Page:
LOCAL FINANCE LAW, §11.00(a)(3); VILLAGE LAW, §§4-412(3)(1),
22-2200: A village may dredge a privately owned pond within
the village where such pond is an integral part of the
village's drainage system and where the filled in condition is
a result of its drainage function. The entire cost of the
dredging may be assessed against the property benefited. If
the village authorizes such dredging, the cost may be financed
through the issuance of bonds if the village has an interest in
the property during the time the obligations are outstanding.
This is in reply to your letter concerning the dredging of a pond within the village. You indicate that the pond, which is privately owned and almost entirely surrounded by private property, serves as a significant portion of a drainage basin for a large portion of the village. You also indicate that the pond, over the past several years, has become filled with silt and, as a consequence, no longer serves its drainage function. In addition, you state that the pond has become a breeding place for insects and other wildlife and the silt has created an area of unstable, "quicksand-like", material. Finally, you indicate that the owners of certain of the properties surrounding the pond have asked the village to explore the possibility of having the village dredge the pond and assess the cost on the properties the village board of trustees deems benefited by the dredging.
Based upon the above facts, you ask whether special legislation by the Legislature is necessary to authorize the village to undertake the dredging of the pond and assess the cost against the owners of the property benefited. You also ask whether, assuming that the village is authorized to do the work, bonds may be issued to finance the cost of the dredging.
Section 4-412(3)(1) of the Village Law provides that a village board of trustees:
The authorization in Village Law, §4-412(3)(1), however, must be read in conjunction with Article VIII, §1 of the State Constitution which prohibits municipalities from giving or loaning money or property to or in aid of any individual or private corporation, association or undertaking. Article VIII, §1 generally prohibits the expenditure of municipal moneys for the benefit of private parties unless it is in furtherance of a proper municipal purpose and is undertaken pursuant to a statutory obligation or properly authorized contract under which the municipality receives fair and adequate consideration (see, e.g., 1989 Opns State Comp No. 89-50, p 112; 1987 Opns State Comp No. 87-27, p 43; 1981 Opns State Comp No. 81-325, p 353). It would not contravene Article VIII, §1 to expend municipal moneys in connection with private property if it is determined that the expenditure furthers a proper municipal purpose and only incidentally benefits private owners (see, e.g., Opn No. 89-50, supra). It is well established that an incidental private benefit will not invalidate a project which has as its primary object a proper public purpose (see e.g., Matter of Waldo's v Village of Johnson City, 74 NY2d 718, 544 NYS2d 809; Murphy v Erie County, 28 NY2d 80, 320 NYS2d 29; Denihan Enterprises v O'Dwyer, 302 NY 451; Rodrigues v Town of Beekman, 120 AD2d 724, 502 NYS2d 778).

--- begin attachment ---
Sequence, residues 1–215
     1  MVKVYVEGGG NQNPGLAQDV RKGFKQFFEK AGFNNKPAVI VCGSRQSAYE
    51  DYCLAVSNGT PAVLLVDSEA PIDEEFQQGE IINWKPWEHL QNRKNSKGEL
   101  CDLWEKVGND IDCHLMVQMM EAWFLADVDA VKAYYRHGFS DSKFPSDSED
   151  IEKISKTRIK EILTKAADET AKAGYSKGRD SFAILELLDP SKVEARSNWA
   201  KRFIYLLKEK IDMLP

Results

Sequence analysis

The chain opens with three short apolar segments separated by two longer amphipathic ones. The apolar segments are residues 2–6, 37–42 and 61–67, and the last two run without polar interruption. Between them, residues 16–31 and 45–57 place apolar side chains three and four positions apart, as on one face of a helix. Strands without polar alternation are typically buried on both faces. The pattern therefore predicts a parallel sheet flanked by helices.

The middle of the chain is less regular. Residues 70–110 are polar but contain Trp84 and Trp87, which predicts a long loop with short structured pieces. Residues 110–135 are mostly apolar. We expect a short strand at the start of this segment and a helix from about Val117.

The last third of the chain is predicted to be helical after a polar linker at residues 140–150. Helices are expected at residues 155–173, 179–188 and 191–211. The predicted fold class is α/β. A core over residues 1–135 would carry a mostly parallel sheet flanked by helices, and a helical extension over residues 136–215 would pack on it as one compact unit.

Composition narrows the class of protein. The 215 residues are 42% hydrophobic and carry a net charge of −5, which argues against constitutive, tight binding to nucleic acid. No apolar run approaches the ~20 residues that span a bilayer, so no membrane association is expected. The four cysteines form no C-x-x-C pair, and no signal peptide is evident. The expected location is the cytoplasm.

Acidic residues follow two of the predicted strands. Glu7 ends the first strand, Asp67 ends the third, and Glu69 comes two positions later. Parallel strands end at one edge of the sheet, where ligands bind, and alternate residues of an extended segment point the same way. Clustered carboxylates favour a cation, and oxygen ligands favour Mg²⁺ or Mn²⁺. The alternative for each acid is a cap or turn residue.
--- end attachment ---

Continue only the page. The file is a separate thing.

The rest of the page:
Based on these constitutional principles, this Office has previously stated that a village, pursuant to Village Law, §4-412(3)(1), may dredge a pond located on private property if the pond serves as an integral part of the village's drainage system and the undesirable conditions in the pond are attributable to its use as a part of the drainage system (1977 Opns St Comp No. 77-426, unreported). Similarly, if the village board of trustees determines in this instance that the privately owned pond serves as an integral part of the village's drainage system and that the accumulation of silt in the pond is a result of its status as part of the system, then it may undertake the dredging of the pond pursuant to section 4-412(3)(1) without the enactment of special legislation. The village, of course, should acquire the necessary rights prior to performing any work on the private property.